In the series of provocative letters collected here, Friedländer, Protestant leader Wilhelm Abraham Teller, and young Christian theologian Friedrich Schleiermacher debate Friedländer's radical proposal. In so doing, they grapple with many of the thorny problems--such as citizenship, religious tolerance, and assimilation--that continue to vex world political leaders today.
Richard Crouter's Introduction provides the cultural, religious, and historical context for this compelling exchange; a postscript by Julie Klassen reveals the ways in which Germany's minorities continue to be marginalized more than two hundred years after Friedländer made his passionate appeal for political liberty and human rights.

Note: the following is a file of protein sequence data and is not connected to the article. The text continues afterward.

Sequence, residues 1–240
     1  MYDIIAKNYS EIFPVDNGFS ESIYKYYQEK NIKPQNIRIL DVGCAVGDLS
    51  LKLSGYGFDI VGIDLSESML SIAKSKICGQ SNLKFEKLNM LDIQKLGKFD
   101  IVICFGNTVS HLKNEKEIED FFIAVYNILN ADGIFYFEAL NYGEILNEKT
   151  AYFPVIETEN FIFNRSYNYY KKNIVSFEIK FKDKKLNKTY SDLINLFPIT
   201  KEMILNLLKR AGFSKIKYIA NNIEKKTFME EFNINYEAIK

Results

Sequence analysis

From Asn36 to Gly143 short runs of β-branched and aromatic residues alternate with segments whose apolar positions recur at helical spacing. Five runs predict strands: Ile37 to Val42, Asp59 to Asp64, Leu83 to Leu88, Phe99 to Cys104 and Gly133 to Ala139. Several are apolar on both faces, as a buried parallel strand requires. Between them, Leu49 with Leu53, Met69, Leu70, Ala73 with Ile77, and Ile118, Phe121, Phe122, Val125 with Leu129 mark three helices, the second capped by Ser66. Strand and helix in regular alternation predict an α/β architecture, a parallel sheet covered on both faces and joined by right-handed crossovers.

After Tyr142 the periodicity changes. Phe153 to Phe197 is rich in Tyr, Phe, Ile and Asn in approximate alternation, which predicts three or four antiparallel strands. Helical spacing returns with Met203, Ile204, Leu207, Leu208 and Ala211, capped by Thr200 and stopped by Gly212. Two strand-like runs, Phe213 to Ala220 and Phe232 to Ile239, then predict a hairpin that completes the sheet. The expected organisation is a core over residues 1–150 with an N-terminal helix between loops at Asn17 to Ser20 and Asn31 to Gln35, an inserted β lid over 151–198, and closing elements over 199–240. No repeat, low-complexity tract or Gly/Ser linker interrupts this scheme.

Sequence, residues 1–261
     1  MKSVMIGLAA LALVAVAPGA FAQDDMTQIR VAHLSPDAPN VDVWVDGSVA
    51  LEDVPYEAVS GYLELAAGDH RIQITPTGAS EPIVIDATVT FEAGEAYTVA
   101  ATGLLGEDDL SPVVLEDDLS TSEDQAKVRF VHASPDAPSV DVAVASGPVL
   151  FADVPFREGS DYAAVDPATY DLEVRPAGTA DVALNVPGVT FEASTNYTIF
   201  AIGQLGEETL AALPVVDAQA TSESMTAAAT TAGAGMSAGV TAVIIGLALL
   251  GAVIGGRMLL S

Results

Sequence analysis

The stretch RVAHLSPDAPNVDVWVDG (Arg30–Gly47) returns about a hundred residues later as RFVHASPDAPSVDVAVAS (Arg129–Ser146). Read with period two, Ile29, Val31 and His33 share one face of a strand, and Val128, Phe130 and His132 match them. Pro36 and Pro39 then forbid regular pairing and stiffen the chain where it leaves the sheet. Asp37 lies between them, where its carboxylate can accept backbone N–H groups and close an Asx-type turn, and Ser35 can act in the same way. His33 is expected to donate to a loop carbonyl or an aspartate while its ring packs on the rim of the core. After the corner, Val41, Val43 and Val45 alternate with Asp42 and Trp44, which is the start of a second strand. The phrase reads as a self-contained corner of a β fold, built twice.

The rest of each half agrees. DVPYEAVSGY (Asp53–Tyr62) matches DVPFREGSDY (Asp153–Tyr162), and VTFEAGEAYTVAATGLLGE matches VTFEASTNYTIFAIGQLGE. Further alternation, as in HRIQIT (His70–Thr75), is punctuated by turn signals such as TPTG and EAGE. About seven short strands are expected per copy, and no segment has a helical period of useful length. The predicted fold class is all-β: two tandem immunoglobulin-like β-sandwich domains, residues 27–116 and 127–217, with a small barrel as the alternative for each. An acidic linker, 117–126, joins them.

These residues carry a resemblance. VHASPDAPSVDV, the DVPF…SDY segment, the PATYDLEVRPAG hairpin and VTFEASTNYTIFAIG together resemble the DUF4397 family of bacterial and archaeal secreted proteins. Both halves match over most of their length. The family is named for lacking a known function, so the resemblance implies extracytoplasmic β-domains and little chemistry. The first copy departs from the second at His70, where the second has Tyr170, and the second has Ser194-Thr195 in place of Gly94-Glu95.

For the first time the two original German editions (1806 and 1826) can be handily compared, though without interrupting smooth reading of the final edition from start to finish. It will serve as a brief piece for reflection by students from high school through graduate school.
This critical edition, with over 1000 improvements, some significant, compared with the Redeker edition will in future be the sole authoritative one. It is now published as a handy one-volume soft-cover textbook, with a new foreword by Rolf Schäfer, making the work accessible to interested specialist readers, in particular to students.